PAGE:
Served in 1924
James Edward Roberts was born on December 17, 1880 in Schuyler County, Missouri. He married married Melissa (Lissa) Whitall on August 16, 1902. The couple had one daughter, Lucy Elzara, who was born in Missouri in 1903. Sometime between 1903 and 1910, the family relocated to Washington State. In 1910, they were living in Snoqualmie, where Ed was working as a gold miner. By 1920, they had moved to Issaquah, where Ed was working as a lumber worker.
Roberts appears to have been appointed Town Marshal in 1924. The election that year saw V.M. McKibben elected with 116 votes to P. J. Smith who gathered 115 votes.
John Fisher was elected to the Town Council and former Marshal Burnett Mullarky was appointed to the Parks Commission. Unlike today, there wasn’t much in the way of diversion and recreation nearby, so the town parks played an important role in everyone’s life. Bands, plays, traveling talent shows, as well as traditional picnics were held there.
On June 5, 1924, the park also served as a bivouac site for the 4th Infantry Regiment that was moving from Fort George Worth to Camp Lewis in Pierce County. The force consisted of 15 Officers, 250 Soldiers and 30 trucks. It caused quite a stir in the otherwise sleepy town.
A noteworthy event that occurred during Ed’s tenure as Marshal was the Klu Klux Klan rally held in Issaquah on July 26, 1924. The rally, dubbed as a “Konklovation”, was held one mile west of town near the present day Park and Ride Lot on 17th Avenue Northwest. During the ceremony, which was illuminated by a “fiery” electric cross measuring 40 feet high and 37 feet wide, 250 Klansmen were initiated into organization.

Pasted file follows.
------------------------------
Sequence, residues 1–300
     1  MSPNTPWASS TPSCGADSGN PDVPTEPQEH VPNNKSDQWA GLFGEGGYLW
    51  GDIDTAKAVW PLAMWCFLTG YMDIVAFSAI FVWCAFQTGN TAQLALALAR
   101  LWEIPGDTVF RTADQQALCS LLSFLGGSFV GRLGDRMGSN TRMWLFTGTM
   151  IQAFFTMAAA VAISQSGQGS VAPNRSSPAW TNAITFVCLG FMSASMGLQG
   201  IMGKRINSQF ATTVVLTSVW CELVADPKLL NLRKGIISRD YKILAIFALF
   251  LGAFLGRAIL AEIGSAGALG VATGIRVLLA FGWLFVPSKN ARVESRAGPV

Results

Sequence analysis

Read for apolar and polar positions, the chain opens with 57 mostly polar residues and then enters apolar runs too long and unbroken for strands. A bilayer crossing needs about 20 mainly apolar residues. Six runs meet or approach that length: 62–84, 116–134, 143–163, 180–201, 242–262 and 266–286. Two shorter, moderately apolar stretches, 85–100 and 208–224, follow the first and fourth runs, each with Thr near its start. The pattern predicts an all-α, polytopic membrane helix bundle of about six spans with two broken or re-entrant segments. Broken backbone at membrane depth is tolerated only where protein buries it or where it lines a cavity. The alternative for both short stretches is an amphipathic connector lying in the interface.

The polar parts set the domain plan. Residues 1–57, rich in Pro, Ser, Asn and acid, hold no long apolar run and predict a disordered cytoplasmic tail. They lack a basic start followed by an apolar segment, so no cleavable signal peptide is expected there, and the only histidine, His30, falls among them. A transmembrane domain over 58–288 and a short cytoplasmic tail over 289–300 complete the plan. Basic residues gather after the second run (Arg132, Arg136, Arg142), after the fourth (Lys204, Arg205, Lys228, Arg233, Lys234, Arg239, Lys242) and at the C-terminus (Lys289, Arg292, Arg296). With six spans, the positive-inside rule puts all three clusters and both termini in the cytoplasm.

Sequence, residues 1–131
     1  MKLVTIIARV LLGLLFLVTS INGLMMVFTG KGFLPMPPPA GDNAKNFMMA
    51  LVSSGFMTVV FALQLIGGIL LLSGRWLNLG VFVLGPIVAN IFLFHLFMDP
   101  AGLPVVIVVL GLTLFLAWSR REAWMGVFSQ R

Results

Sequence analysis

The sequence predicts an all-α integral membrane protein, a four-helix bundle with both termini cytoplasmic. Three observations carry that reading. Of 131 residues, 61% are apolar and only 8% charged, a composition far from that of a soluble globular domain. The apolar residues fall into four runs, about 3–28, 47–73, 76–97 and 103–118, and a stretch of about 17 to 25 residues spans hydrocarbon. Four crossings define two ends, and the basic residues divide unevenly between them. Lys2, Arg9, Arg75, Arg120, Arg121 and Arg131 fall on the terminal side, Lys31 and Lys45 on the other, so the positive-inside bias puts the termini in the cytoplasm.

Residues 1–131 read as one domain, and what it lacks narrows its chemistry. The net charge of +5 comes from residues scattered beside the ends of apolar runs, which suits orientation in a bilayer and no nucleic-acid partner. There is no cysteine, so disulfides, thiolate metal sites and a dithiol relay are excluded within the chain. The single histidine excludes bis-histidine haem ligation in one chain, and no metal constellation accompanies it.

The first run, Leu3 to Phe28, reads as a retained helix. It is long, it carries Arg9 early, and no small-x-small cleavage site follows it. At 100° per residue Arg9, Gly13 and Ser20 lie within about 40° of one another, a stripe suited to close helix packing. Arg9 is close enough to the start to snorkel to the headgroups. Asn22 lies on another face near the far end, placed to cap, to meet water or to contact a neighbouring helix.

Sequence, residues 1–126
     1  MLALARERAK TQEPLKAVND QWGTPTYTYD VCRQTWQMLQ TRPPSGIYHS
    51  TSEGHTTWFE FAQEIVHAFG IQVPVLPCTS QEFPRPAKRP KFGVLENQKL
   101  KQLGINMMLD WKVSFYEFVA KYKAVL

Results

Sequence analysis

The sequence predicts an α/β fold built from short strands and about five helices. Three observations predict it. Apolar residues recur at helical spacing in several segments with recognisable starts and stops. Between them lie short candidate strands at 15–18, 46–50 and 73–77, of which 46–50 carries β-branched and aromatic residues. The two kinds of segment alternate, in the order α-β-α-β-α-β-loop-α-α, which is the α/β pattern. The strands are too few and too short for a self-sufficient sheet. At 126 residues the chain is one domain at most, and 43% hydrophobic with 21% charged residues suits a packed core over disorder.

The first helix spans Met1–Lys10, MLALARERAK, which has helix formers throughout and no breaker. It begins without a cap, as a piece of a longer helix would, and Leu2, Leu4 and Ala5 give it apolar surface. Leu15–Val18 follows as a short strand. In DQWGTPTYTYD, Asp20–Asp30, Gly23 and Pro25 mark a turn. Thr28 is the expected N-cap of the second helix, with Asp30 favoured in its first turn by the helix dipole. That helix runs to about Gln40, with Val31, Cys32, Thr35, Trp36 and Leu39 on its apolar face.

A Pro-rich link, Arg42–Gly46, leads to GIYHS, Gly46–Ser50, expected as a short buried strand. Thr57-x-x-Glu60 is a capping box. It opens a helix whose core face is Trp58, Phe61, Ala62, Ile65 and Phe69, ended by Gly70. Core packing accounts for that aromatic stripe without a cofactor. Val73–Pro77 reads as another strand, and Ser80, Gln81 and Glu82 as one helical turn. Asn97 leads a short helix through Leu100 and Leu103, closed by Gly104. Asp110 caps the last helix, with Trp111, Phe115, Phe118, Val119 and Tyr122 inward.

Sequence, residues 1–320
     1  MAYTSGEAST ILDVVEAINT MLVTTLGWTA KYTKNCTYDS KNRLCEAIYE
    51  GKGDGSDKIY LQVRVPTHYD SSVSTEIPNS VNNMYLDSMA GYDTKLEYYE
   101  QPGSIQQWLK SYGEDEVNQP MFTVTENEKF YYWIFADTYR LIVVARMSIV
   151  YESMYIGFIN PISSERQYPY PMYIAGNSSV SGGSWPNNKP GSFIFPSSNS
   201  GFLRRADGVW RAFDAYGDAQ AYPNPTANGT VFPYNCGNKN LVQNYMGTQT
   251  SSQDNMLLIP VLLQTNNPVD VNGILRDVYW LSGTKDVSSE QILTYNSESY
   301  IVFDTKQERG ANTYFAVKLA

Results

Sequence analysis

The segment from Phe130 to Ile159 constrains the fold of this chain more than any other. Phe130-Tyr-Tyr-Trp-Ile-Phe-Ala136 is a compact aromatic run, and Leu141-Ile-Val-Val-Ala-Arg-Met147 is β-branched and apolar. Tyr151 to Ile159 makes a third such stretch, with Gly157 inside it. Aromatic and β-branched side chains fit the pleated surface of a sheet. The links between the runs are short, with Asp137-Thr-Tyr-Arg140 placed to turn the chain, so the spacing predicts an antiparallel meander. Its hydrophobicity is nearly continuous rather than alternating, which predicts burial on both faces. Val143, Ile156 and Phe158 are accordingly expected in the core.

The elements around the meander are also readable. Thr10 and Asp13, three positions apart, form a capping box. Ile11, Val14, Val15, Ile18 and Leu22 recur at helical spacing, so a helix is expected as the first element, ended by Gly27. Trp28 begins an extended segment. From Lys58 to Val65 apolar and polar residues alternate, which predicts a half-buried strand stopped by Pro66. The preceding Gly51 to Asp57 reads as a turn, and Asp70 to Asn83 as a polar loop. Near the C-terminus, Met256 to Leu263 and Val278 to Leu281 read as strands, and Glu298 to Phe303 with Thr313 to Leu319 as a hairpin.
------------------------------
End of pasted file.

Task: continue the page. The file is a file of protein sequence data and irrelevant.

It was reported that a crowd in excess of 13,000 persons attended the rally and were “entertained” by a thirty-two-piece band, a play by school children and speeches on “Americanism”. Deputy Sheriffs kept order and hooded Klansmen directed traffic, which clogged roadways for two hours following the rally.
The event was announced ahead of time in the Issaquah Press and the Seattle Star newspapers, which probably accounted for the large number of people in attendance. A similar rally was held in Chehalis the following night.
An incident of a more violent nature occurred on June 5, 1924. At around 2:15 a.m. a speeding car raced through town, and the occupants fired 12 shots as they drove past several businesses. Several bullets hit the Fisher Undertaking Parlor, City Hall, the town Bank and Grange buildings. The person(s) responsible were never located.
Ed more than likely used his own automobile to investigate these cases, as the town didn’t buy a patrol car until 1949. In all probability it was a Model “T” Ford, which cost $295.00 according to a newspaper ad from July 1924.
Ed left the Marshal’s office in 1925, replaced by Eve Watkins. In 1930, he was living in Aberdeen, Washington, with his wife, daughter, and granddaughter. At that time he was working as a stevedore with the longshoreman. Ed died in Olympia, Washington in 1955.